Bush pollster Matthew Dowd looks at why he thinks it's possible - not likely, mind you, but possible - for Sarah Palin to win the White House in 2012. (H/T) Along the way he reminds us that John Kerry was one of the few challengers in memory to lose a race against an incumbent that may actually have been winnable:
Gallup polls over the past 60 years show that no president with an approval rating under 47 percent has won reelection, and no president with an approval rating above 51 percent has lost reelection. (George W. Bush's approval rating in the weeks before the 2004 election hovered around 50 percent.) The 2012 election will be primarily about our current president and whether voters are satisfied with the country's direction.
Who the Republican candidate is, and his or her qualifications and abilities, will matter only if Obama's approval rating is between 47 and 51 percent going into the fall of 2012. Interestingly, in the latest Gallup poll Obama's approval rating was at a precarious 49 percent.
As an aside, historically, the single biggest factor suppressing a president's approval rating is a high unemployment rate. That's bad news for the Democrats in the short run, as most economists expect double-digit unemployment to persist through Election Day 2010 (economists are not always right about these things, but that's what they're seeing now). Some natural improvement in the economy is already underway (even with some downward revisions, GDP grew by 2.8% last quarter) by natural operation of the business cycle, but it's unlikely that Obama will be able to resist doing more to interfere with that, like jacking up taxes. My guess is that he's going to end up just openly adding a lot of people to the federal payroll to try to reduce unemployment.
Dowd also notes that Obama is already the most partisanly polarizing president in recent years, an astounding accomplishment given the rancor that surrounded his precedessors:
The gap between Obama's approval rating among Democrats and among Republicans is nearly 70 percentage points -- a higher partisan divide than either Bill Clinton or George W. Bush experienced. Obama's agenda and actions this year, and some mistakes, have solidified this divide.
Anyway, getting back to Palin, I'm not sure Dowd really put much effort into making the case that she can win over independents in a general election beyond the obvious observation that if Obama's in enough trouble, he can be beaten (there are counterexamples to this in lower-level races: I recall Gray Davis' approval rating was around 24% when he was re-elected in 2002). It seems to me that if you think that Obama will mostly win or lose the election himself, you either (1) pick the person you'd most like to see be president regardless of electability (that would argue for somebody like Mitch Daniels or Haley Barbour) and/or (2) pick the lowest-risk candidate (that may be Tim Pawlenty). It would not counsel picking the most electrifying, polarizing, controversial, high-risk candidate in the field.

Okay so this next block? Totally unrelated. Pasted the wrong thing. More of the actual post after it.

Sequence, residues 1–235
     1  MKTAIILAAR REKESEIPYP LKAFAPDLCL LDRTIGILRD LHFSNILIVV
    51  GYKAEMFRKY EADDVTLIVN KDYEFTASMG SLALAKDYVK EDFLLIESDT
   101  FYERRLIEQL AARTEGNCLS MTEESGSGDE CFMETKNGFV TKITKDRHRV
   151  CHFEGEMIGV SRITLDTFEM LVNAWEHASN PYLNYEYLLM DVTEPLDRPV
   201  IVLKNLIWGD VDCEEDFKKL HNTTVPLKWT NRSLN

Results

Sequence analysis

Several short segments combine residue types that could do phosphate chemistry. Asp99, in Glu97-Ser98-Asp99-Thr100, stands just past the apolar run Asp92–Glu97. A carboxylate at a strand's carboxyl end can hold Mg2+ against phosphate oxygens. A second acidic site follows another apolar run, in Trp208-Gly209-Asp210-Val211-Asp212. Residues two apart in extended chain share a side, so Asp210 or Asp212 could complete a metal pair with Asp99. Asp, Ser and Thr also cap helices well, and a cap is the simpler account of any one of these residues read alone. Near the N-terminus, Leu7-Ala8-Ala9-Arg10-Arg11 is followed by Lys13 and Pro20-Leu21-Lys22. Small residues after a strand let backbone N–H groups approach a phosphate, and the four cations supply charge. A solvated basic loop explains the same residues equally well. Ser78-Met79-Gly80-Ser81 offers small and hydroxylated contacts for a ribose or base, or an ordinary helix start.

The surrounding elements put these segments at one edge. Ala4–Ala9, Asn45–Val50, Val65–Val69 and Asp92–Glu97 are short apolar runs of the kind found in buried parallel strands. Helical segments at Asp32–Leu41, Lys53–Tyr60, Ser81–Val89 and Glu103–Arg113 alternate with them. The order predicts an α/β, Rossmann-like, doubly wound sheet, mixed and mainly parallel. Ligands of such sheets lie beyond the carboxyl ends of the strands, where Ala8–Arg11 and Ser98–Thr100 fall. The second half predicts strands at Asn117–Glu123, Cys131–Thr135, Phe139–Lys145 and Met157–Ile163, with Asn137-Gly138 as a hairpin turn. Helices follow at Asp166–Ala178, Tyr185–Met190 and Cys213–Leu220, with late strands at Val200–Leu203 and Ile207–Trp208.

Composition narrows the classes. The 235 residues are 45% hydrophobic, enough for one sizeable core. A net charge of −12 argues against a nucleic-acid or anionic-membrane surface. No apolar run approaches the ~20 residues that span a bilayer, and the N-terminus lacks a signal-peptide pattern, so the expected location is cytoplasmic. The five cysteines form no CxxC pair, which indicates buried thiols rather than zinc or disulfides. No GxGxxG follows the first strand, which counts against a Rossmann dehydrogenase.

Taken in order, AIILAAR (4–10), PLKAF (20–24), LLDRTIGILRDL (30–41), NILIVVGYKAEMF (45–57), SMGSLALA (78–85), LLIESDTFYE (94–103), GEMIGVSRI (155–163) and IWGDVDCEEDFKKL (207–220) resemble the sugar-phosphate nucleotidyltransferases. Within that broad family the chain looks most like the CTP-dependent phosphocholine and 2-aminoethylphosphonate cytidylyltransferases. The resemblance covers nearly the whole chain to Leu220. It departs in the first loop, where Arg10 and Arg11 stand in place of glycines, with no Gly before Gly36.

Dowd's suggestions for Palin's path to follow are a mixed bag. It's strange for him to criticize her for too many public appearances after she spent months doing little in public view but updating her Facebook page - and contradicts his next point about getting out more - but I agree that at some point she has to start doing serious, substantive appearances to sell people on her grasp of the issues. Like it or not, even if voters don't understand complex issues themselves, they do want to know that the president does, and they will need reassurance if Palin runs that she genuinely knows what she's getting into. That may be doubly true if the impression continues to solidify that Obama has screwed up as a result of his inexperience. I'd add to his list that if she wants to run, or even to have an ongoing role in national poilitics, she's sooner or later going to need to find people outside Alaska that she can trust - policy advisers, people to help her organize and communicate, etc. My advice, at least, is one of the lessons I took from watching Bush: pick people who are loyal to the conservative movement and its goals, not people who are mostly personally loyal. In the long run, loyalty to ideas is more enduring and a better guarantee of quality work.
Personally, I haven't picked a horse to back yet (I'm probably more enthused about Daniels than anyone right now, and I use "enthused" advisedly), and continue to caution against others choosing up teams before November 2010. I still go back and forth on the two related key questions: do you try to beat Obama with a candidate who comes at him from above (i.e., a more sober, experienced and modest leader), or below (i.e., a fiery populist who rebels against his desire to use government to change America rather than the other way around)? The former would be likely if the election's mainly about foreign affairs, the latter if it's a rebellion against Big Government. Palin is obviously in the latter camp. Do you confront his pop celebrity status with a candidate who exudes some glamor or excitement of his/her own (again: Palin), or do you try to counter-program with a candidate who is deliberately dull and stolid and promises less drama and fewer grand ambitions? The available personnel will probably be the biggest driver in the decision anyway, but how people want to answer those questions will go along way towards deciding whether Palin, if she runs, has a chance of being the nominee.